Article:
From a careful analysis of the observational data obtained at various oppositions from 1877 on, G. A. Wilkins of the Greenwich Observatory in England concluded in 1966 that there is strong evidence against an abnormality in the orbit of Phobos. Nevertheless, he felt that it could not be ruled out completely. Most of the difficulties in interpreting the data arise from errors in the observations, and a final decision must await developments in the theory of orbital motion.
The orbit of Deimos, with an eccentricity of 0.0028, is even more circular than that of Phobos. The orbital radius is some 23 500 kilometers (14 500 miles) and the outer moon is thus roughly 20 000 kilometers (12 000 miles) from the surface of Mars. The sidereal period of revolution of Deimos, also in the same direction as the rotation of the parent planet, is 30 hours 18 minutes, and the synodic period is about 5/2 days.
Because Deimos revolves around Mars in a time period that is only a few hours longer than the planet's period of rotation, the outer moon would appear to a Martian observer to move slowly across the sky, rising in the east and setting some 2/2 days later in the west. Deimos would then be on the other side of Mars and would not be seen for about another 3 days. The time between two successive risings or settings of Deimos is the synodic period of 5yi days.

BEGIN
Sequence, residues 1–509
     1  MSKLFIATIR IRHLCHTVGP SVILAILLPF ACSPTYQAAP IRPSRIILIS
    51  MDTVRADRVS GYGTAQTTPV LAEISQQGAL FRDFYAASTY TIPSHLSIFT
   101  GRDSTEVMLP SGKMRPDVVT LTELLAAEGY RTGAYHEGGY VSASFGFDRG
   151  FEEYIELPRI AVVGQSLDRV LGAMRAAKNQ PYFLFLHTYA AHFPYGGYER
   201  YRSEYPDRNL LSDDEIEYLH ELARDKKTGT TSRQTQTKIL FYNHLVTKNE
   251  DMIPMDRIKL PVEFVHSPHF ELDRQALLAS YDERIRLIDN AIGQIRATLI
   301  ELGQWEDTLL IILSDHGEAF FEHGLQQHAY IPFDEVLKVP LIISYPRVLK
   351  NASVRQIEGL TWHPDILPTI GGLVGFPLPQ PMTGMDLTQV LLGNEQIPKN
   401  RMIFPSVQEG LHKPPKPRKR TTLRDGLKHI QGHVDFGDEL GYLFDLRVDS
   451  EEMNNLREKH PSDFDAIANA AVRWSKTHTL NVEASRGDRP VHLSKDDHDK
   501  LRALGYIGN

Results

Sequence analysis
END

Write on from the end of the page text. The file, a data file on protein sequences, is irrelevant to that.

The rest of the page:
The angle of inclination of the orbital plane of Deimos to the equatorial plane of Mars varies to some extent as a result of the disturbing action of the Sun. The angle is always small, however, ranging from 0.85 to 2.69 degrees. Because Deimos is farther from Mars than is Phobos, the former can be seen up to latitudes of about 83° N and S. At higher latitudes, near the poles, both moons are always below the local horizon and would not be visible.
Because of their proximity to the parent planet and short periods of revolution, Phobos and Deimos frequently pass through the shadow of Mars cast by the Sun. To an observer on the planet, the moons would then suffer eclipse, Phobos about 1400 times and Deimos roughly 130 times each Martian year. The satellites also frequently pass directly between the Sun and Mars, but they are much too small to produce an eclipse of the Sun, as the Moon does when it is on (or close to) the line joining the Sun and Earth. At these times, a Martian observer would see the